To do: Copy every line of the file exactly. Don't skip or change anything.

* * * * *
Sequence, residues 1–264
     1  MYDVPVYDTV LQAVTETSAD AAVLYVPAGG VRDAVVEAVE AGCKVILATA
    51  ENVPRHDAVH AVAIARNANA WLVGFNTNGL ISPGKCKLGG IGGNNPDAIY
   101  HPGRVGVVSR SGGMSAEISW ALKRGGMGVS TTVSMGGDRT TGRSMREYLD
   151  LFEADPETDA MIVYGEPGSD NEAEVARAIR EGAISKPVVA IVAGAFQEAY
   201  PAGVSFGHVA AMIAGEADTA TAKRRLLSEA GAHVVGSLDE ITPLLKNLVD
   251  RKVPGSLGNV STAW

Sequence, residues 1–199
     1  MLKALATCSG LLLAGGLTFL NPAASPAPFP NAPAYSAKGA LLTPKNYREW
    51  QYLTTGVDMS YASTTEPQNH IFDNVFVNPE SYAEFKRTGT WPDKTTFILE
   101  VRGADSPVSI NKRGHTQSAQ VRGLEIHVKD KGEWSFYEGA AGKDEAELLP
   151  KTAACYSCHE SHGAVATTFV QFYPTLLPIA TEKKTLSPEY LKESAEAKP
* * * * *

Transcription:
Sequence, residues 1–264
     1  MYDVPVYDTV LQAVTETSAD AAVLYVPAGG VRDAVVEAVE AGCKVILATA
    51  ENVPRHDAVH AVAIARNANA WLVGFNTNGL ISPGKCKLGG IGGNNPDAIY
   101  HPGRVGVVSR SGGMSAEISW ALKRGGMGVS TTVSMGGDRT TGRSMREYLD
   151  LFEADPETDA MIVYGEPGSD NEAEVARAIR EGAISKPVVA IVAGAFQEAY
   201  PAGVSFGHVA AMIAGEADTA TAKRRLLSEA GAHVVGSLDE ITPLLKNLVD
   251  RKVPGSLGNV STAW

Sequence, residues 1–199
     1  MLKALATCSG LLLAGGLTFL NPAASPAPFP NAPAYSAKGA LLTPKNYREW
    51  QYLTTGVDMS YASTTEPQNH IFDNVFVNPE SYAEFKRTGT WPDKTTFILE
   101  VRGADSPVSI NKRGHTQSAQ VRGLEIHVKD KGEWSFYEGA AGKDEAELLP
   151  KTAACYSCHE SHGAVATTFV QFYPTLLPIA TEKKTLSPEY LKESAEAKP